Court reporters are responsible for transcribing depositions, court proceedings, and administrative hearings using a stenotype, a sophisticated machine that allows them to type in shorthand.
After completing court reporter training at a career institute in New York City, you will be ready for a rewarding career in court reporting, closed captioning and related professions. Here is a look at the outlook for court reporters, including pay and opportunities in related fields.
Although employment of court reporters is projected to grow 10 percent over the next decade, many job opportunities will be outside of legal proceedings. Television programs will continue to need closed captioning, and many online broadcasters will be adding closed captioning to their programming in order to comply with new federal regulations.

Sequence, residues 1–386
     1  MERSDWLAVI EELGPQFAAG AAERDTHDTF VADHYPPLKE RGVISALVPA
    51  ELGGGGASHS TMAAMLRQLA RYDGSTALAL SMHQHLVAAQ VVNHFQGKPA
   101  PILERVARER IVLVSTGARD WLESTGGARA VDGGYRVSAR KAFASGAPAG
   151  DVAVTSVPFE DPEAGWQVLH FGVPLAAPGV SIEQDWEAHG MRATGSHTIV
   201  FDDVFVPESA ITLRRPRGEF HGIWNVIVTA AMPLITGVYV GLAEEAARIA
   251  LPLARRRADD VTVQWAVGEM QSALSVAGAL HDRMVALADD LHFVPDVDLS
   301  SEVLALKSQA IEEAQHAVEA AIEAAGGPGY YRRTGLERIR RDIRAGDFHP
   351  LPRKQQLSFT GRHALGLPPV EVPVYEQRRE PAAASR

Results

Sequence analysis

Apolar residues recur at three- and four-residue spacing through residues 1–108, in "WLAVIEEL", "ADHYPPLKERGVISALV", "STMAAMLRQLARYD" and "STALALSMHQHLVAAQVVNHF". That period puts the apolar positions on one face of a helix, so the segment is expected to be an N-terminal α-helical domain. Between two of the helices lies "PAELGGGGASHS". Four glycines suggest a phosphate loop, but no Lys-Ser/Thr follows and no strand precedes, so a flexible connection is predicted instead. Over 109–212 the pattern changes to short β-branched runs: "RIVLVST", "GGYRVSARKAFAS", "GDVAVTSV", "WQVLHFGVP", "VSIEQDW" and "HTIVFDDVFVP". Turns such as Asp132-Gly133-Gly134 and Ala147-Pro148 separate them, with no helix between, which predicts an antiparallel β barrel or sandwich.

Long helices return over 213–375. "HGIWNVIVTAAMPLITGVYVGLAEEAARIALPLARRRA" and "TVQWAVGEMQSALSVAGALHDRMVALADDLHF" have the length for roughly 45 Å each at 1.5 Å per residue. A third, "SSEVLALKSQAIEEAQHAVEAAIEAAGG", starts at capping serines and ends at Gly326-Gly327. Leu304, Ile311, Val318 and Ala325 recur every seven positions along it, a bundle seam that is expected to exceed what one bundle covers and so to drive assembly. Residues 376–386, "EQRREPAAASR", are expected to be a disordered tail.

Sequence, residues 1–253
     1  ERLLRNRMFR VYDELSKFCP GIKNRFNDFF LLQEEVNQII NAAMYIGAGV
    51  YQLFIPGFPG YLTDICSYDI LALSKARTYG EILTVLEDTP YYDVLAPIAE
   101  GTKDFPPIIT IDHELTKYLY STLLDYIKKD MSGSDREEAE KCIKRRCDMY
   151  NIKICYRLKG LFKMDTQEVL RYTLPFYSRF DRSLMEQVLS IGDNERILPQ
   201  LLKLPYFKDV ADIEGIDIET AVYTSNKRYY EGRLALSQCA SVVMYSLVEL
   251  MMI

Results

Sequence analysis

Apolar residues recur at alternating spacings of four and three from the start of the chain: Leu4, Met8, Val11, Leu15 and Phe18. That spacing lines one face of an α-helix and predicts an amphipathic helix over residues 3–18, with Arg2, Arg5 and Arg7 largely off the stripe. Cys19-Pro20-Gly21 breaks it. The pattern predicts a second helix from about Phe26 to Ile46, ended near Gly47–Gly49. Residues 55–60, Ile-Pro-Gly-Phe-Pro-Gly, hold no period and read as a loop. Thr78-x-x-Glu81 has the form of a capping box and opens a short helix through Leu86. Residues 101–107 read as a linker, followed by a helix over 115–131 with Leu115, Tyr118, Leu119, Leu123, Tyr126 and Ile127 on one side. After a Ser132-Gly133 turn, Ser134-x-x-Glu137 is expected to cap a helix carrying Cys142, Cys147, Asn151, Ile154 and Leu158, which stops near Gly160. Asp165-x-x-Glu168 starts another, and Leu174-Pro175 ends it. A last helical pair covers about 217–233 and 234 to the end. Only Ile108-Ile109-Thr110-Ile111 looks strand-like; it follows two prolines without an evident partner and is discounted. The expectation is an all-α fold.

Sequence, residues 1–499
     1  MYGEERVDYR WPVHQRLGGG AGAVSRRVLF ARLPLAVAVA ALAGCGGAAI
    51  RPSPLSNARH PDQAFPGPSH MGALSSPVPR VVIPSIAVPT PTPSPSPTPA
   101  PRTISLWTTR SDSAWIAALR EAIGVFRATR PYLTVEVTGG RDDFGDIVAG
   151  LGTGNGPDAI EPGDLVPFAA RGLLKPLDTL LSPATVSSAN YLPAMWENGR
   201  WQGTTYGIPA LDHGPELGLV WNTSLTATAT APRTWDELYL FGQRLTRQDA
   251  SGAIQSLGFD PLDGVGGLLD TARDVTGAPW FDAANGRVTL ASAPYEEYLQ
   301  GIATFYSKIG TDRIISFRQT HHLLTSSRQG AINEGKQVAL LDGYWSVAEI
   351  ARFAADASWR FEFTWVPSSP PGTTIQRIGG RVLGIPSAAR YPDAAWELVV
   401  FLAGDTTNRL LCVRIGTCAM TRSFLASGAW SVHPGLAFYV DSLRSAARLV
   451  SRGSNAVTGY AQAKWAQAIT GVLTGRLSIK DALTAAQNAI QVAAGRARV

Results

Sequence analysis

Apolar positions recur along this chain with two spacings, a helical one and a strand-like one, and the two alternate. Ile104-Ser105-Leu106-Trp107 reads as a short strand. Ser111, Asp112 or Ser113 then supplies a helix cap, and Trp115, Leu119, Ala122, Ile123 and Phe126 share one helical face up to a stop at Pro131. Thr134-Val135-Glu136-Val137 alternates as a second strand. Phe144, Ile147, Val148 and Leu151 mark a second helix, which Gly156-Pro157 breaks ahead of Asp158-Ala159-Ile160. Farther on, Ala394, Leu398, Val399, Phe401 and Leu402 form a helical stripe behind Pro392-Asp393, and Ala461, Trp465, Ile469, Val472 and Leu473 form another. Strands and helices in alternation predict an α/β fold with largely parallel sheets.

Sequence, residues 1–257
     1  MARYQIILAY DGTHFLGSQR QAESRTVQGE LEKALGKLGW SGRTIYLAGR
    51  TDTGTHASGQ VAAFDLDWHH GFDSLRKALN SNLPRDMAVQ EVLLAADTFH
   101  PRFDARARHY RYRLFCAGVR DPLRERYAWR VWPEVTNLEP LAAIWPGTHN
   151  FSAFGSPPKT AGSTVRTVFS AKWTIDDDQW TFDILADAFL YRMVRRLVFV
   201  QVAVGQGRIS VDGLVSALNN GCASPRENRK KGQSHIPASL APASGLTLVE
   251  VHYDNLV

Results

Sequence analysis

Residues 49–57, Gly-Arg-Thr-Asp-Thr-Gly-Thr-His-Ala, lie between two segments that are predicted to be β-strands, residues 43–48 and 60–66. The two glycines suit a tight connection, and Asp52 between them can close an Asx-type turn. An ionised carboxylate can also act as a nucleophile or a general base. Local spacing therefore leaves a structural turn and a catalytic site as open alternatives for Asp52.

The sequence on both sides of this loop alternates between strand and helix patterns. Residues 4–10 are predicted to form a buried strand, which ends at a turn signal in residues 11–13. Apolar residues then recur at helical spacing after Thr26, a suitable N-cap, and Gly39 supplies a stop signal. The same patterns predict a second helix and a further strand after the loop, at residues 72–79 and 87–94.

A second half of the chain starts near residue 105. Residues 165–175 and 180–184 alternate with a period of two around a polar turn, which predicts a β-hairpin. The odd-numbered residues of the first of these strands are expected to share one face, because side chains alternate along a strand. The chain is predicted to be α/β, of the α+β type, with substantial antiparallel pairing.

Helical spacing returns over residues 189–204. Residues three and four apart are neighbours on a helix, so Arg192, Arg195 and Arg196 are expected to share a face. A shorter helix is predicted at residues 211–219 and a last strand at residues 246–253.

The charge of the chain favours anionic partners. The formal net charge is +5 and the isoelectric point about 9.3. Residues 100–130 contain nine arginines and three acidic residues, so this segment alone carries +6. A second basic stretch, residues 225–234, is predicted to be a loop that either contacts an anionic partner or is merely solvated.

A growing elderly population will also increase demand for court reporters who are Communication Access Real-Time Translation (CART) providers at doctor’s appointments, town hall meetings, religious services, movie theaters, and sporting events.
Upon completion of court reporter school, you may be eligible for employment in fields with job duties similar to those of court reporters. Medical transcriptionists, for example, listen to voice recordings that physicians and other healthcare professionals make and convert them into written reports, medical histories, discharge summaries, and other documents.
Your NYC career institute can give you additional information about similar occupations to court reporting.